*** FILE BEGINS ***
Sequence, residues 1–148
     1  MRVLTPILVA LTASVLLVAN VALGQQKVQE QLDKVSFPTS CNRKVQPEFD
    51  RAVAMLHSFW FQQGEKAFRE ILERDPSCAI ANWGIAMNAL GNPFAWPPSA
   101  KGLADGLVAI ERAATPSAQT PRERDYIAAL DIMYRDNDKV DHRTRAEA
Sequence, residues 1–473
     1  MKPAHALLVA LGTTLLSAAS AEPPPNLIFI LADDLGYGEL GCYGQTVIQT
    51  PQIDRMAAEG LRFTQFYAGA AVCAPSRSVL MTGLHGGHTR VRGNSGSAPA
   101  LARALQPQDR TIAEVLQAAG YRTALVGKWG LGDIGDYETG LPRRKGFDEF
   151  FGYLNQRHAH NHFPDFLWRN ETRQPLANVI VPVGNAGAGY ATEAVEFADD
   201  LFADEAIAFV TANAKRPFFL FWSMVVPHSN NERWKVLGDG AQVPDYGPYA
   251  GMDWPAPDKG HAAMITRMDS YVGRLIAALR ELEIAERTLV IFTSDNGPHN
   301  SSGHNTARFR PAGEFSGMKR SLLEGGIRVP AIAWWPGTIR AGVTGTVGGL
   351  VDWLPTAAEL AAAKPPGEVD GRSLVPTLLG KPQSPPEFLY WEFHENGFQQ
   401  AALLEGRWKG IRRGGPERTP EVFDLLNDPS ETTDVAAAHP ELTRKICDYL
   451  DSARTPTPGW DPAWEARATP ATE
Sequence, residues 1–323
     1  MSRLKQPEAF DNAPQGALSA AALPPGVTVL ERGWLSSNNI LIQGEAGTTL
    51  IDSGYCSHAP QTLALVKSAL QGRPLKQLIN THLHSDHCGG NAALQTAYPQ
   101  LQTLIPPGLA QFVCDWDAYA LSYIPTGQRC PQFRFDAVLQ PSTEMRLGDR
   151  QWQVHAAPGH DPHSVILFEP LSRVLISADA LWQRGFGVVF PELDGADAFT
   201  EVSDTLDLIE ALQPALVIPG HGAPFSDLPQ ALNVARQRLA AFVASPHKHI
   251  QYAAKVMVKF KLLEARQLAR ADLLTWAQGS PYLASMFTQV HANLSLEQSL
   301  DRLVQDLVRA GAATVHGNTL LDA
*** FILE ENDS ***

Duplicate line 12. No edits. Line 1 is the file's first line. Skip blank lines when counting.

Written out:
   301  SSGHNTARFR PAGEFSGMKR SLLEGGIRVP AIAWWPGTIR AGVTGTVGGL